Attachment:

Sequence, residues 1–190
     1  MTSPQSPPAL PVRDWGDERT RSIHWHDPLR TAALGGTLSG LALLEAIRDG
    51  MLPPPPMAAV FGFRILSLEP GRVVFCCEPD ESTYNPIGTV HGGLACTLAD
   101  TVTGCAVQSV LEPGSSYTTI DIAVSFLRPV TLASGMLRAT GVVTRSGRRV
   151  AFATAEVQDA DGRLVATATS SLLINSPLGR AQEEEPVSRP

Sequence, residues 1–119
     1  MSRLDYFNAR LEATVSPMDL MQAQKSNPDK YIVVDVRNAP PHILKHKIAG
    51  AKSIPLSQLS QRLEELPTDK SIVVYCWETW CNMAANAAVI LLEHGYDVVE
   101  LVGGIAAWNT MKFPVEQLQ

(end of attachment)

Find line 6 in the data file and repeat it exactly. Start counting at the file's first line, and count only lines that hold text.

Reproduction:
Sequence, residues 1–119